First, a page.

* Taylor convicted by special court
* Rights groups, victims welcome judgment
* Sentencing expected next month (Adds White House comment)
By Thomas Escritt and Anthony Deutsch
THE HAGUE, April 26 (Reuters) - A United Nations-backed court convicted former Liberian president Charles Taylor of war crimes and crimes against humanity, the first time a head of state has been found guilty by an international tribunal since the Nazi trials at Nuremberg.
The first African leader to stand trial for war crimes, Taylor had been charged with 11 counts of murder, rape, conscripting child soldiers and sexual slavery during intertwined wars in Liberia and Sierra Leone, when more than 50,000 people were killed.
The warlord-turned-president was accused of directing Revolutionary United Front (RUF) rebels in a campaign of terror to plunder Sierra Leone's diamond mines for profit and to obtain weapons.
On Thursday, the court ruled that Taylor, 64, was criminally responsible for aiding and abetting the crimes, and found him guilty of providing weapons, food, medical supplies, fuel and equipment to forces in Sierra Leone that committed atrocities.
But it said he was not guilty of either ordering or planning the atrocities - a disappointment for the prosecution and a decision that could eventually result in a lighter sentence.
"The trial chamber, having already found the accused guilty of aiding and abetting, does not find the accused also instigated these crimes," Presiding Judge Richard Lussick said.
Wearing a dark blue suit and maroon tie, Taylor looked calm and subdued as the presiding judge took more than two hours to read out the charges, evidence and final ruling.
The litany of gruesome crimes covered rapes and enslavement, beheadings and disembowelings, amputations and other mutilations carried out by child soldiers notorious for being high on drugs and dressed in fright wigs.
"A civilian was killed in full public view and then his body was disemboweled and his intestines stretched across the road to make a checkpoint. Women and children were raped in public, people were burned alive in their homes," the judge said.
"The purpose of these atrocities was to instill terror in the civilian population."
And in return for providing arms and ammunition for the conflict, the judge recounted how Taylor had received "blood diamonds", as the stones from Sierra Leone's conflict zones were known, including a 45-carat diamond and two 25-carat diamonds.
The trial attracted international attention, not just because of Taylor himself but because supermodel Naomi Campbell was called as a witness by the prosecution in an attempt to show that Taylor was knowingly trading weapons for diamonds.
The prosecution said Taylor had sent uncut diamonds to Campbell's hotel room after a dinner given by Nelson Mandela, attended by both her and Taylor. She told the court she had no idea who had sent her the diamonds, which she called "dirty little pebbles".
Human rights groups and victims welcomed the court's decision, with some saying it would serve as a strong warning to other leaders responsible for atrocities in conflict zones.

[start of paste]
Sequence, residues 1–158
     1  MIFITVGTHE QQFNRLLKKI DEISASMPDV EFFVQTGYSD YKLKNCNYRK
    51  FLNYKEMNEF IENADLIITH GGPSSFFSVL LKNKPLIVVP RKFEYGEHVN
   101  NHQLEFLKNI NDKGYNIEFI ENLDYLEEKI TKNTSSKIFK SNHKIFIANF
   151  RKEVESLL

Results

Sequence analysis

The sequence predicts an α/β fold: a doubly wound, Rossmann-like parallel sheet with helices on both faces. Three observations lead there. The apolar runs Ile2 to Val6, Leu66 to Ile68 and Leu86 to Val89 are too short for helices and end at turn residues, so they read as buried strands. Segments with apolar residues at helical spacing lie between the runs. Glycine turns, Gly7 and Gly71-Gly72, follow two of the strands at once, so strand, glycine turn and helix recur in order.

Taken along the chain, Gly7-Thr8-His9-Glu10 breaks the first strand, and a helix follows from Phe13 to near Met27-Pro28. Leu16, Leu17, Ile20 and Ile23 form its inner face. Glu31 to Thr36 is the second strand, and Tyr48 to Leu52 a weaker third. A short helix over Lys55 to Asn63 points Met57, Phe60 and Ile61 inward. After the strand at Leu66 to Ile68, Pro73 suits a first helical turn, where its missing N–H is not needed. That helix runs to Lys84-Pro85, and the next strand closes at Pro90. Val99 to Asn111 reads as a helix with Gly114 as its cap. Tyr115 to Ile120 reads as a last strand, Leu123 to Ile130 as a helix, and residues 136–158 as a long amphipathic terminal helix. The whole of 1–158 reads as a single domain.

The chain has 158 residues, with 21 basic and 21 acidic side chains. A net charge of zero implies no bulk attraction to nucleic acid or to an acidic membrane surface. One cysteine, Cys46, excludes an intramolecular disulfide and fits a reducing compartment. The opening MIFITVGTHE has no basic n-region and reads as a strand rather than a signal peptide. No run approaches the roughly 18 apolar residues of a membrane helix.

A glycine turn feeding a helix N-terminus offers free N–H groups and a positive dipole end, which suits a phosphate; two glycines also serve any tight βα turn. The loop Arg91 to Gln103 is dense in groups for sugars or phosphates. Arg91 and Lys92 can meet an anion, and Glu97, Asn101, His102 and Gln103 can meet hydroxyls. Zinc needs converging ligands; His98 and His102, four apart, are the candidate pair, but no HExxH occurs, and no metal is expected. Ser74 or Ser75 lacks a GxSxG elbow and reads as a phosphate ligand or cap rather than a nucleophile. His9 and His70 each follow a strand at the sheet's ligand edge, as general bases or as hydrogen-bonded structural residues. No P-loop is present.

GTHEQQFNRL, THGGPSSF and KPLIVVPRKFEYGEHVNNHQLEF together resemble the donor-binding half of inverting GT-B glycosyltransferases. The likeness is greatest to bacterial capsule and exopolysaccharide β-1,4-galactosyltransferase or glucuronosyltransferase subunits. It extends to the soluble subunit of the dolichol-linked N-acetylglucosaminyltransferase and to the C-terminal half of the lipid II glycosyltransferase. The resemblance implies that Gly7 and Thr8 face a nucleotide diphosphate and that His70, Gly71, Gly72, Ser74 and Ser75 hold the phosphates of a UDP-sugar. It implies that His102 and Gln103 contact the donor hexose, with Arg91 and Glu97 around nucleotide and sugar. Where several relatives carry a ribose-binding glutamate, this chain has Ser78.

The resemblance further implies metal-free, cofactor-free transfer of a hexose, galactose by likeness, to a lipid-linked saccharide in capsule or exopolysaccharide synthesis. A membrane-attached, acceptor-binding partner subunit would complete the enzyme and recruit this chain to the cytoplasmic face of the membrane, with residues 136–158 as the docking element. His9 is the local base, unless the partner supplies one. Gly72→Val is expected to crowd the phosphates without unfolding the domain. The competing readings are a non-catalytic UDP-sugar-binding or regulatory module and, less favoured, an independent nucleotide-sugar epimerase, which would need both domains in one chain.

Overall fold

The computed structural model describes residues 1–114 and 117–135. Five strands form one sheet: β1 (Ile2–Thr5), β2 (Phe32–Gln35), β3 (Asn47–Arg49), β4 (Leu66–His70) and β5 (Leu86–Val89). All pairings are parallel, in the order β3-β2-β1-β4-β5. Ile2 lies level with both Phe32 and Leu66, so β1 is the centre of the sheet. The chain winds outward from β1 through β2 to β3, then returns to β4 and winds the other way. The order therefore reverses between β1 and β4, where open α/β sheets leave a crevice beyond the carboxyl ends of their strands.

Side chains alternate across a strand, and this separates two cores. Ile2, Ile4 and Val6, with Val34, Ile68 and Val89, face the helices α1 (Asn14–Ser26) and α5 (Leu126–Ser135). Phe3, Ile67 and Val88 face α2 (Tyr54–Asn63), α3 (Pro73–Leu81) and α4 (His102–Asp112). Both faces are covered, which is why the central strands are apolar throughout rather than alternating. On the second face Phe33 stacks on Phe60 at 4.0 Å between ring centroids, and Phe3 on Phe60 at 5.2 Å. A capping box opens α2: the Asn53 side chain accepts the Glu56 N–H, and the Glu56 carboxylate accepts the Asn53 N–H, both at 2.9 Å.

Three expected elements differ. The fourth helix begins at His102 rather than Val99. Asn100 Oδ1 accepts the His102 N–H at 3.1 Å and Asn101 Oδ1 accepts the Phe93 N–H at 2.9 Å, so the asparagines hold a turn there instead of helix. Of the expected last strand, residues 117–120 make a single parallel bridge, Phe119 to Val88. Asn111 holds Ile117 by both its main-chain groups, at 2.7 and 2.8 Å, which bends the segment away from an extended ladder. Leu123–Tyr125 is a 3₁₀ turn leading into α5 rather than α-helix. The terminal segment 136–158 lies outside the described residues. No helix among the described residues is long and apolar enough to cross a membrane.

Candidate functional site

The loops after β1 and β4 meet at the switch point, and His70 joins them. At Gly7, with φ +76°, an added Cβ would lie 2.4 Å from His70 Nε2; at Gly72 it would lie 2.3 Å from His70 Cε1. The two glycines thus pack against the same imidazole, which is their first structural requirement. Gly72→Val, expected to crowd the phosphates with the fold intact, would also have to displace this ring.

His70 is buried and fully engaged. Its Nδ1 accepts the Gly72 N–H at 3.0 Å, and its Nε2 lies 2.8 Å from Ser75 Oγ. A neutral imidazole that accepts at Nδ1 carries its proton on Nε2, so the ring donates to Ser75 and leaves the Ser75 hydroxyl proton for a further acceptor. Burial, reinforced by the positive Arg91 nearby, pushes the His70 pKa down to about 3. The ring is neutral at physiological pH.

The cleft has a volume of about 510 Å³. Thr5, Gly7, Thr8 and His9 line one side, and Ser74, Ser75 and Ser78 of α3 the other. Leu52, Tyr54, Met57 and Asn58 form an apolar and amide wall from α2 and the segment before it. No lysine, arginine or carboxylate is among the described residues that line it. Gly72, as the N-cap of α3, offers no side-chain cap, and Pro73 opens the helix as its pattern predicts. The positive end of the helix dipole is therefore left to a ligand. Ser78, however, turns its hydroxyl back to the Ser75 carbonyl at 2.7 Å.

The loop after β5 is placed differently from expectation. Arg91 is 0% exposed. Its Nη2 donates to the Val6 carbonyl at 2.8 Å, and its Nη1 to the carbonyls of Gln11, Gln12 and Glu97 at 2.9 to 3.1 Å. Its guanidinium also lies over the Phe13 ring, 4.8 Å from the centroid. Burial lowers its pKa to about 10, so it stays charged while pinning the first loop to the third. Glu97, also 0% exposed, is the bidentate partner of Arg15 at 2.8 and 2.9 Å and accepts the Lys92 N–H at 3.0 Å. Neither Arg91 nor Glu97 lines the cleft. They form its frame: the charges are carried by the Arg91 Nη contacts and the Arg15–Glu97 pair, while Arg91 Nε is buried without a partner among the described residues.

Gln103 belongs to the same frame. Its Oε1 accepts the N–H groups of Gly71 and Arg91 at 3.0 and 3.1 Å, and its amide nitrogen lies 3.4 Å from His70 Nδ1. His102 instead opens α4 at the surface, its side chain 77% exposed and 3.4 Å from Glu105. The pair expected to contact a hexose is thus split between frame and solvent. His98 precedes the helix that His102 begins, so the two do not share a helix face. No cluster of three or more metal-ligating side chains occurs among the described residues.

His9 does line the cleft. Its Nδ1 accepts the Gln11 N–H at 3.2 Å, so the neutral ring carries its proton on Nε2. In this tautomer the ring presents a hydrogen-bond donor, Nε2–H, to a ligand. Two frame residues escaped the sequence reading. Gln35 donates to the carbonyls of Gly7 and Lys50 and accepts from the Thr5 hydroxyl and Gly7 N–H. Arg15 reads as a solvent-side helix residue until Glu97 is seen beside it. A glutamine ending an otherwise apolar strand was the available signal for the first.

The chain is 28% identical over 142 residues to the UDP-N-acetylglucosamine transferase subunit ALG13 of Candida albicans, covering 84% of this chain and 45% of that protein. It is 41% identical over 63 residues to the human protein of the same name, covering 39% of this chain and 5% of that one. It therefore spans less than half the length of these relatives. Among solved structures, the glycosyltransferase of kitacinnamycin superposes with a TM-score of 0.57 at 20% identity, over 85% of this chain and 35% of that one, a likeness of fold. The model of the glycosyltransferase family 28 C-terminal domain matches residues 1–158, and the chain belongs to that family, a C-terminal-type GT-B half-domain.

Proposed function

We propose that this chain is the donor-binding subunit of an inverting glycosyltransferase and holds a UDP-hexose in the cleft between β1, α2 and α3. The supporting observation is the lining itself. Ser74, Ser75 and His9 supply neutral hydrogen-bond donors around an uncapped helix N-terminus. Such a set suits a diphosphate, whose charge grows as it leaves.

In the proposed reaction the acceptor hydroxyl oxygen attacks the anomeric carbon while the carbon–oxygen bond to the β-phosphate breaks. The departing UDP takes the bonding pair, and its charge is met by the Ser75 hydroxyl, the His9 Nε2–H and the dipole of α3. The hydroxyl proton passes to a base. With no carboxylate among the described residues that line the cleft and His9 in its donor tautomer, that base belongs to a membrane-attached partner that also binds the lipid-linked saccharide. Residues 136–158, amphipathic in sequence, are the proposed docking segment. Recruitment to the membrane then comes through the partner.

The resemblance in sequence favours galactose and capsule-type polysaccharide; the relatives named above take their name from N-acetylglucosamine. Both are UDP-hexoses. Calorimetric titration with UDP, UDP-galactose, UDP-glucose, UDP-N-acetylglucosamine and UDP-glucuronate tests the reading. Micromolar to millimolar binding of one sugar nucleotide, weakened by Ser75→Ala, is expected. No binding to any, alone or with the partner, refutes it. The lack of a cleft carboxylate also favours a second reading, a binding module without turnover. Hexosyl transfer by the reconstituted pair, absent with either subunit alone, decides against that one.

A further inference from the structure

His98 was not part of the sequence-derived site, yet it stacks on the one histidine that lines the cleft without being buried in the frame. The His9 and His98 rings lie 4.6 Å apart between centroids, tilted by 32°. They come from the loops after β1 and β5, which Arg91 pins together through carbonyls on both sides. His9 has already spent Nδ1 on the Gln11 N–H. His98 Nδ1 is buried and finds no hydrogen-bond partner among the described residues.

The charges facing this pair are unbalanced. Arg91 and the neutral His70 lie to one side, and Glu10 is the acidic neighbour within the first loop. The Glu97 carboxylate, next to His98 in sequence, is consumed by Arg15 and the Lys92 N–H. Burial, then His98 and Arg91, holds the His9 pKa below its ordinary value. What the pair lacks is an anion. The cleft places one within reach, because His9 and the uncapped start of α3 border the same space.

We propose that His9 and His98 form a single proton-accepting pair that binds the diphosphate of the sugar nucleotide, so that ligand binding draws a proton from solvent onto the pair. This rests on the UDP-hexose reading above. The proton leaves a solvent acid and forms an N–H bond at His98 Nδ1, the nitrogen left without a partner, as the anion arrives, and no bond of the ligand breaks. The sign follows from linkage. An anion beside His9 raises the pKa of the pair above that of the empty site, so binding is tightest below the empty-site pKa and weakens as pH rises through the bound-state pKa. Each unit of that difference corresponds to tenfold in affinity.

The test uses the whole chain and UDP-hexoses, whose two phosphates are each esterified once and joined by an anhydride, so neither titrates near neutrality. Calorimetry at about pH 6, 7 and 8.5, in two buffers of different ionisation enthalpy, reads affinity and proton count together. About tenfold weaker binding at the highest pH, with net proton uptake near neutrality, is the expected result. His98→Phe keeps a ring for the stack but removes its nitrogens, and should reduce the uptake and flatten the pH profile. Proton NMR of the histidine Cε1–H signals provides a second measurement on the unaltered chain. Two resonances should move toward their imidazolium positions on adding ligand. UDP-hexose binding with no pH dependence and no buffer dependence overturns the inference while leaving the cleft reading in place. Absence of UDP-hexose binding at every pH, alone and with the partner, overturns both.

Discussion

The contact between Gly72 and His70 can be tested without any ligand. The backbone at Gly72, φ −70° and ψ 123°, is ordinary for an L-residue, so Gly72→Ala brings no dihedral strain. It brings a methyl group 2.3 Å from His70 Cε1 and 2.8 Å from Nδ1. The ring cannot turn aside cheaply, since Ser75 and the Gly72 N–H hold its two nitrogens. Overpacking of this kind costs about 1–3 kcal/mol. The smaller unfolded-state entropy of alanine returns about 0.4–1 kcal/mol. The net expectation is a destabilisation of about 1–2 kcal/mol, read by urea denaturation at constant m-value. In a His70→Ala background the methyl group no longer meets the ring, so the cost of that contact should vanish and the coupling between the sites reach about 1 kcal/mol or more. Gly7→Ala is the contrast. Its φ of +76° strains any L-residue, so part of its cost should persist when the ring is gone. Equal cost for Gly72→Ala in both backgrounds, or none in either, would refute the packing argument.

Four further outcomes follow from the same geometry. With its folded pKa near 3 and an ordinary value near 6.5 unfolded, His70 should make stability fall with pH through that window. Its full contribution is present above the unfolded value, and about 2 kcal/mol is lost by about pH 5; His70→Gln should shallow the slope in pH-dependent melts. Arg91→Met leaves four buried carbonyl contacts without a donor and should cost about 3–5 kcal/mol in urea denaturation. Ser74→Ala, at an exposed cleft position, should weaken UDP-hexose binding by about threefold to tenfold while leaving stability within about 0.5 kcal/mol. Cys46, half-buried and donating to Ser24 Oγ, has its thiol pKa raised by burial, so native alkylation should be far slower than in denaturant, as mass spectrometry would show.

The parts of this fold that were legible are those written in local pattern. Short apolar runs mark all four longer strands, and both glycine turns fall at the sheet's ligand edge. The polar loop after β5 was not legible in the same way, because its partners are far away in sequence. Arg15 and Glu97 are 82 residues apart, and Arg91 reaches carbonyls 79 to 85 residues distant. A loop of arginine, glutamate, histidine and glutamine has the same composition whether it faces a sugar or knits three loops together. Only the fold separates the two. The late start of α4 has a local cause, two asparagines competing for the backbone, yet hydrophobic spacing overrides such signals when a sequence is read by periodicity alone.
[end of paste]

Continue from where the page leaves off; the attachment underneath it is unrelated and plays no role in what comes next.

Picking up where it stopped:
"Taylor's conviction sends a powerful message that even those in the highest-level positions can be held to account for grave crimes," Elise Keppler, senior counsel for Human Rights Watch, said in a statement.
"Not since Nuremberg has an international or hybrid war crimes court issued a judgment against a current or former head of state. This is a victory for Sierra Leonean victims, and all those seeking justice when the worst abuses are committed."
White House spokesman Jay Carney said: "While there is no way fully to redress the suffering and loss of those who were killed, tortured, raped, and enslaved in the service of Taylor's criminal schemes, we are hopeful that today's ruling will help to dissuade others who might follow in his footsteps."
He said in a statement that the court "sent a clear signal that neither rank nor title will shield from justice those who perpetrate the most egregious of crimes."
A sentencing hearing is scheduled for May 16, with a decision expected later that month.
Court sources said the judges had earlier been in disagreement over the verdict and were not speaking to each other at the end.
Carsten Stahn, professor of international criminal law at the University of Leiden, said the decision to convict unanimously was a surprise.
"There have been rumors of conflicts between the judges in the trial chamber, which is partly why it's taken so long to reach a verdict," he said.
El Hadji Malick Sow, who as alternate judge sat through the six years of the trial but was excluded from deliberations, sought to express a dissenting opinion at the end.
"The guilt of the accused from the evidence provided in this trial is not proved beyond reasonable doubt," he said, remaining in the chamber after his colleagues had left and his microphone had been switched off.
Victims were in no doubt about the conviction.
"I'm so happy that justice has been done," said Alhaji Jusu Jarka, 46, who had both hands amputated during an attack on Freetown on Jan. 6, 1999.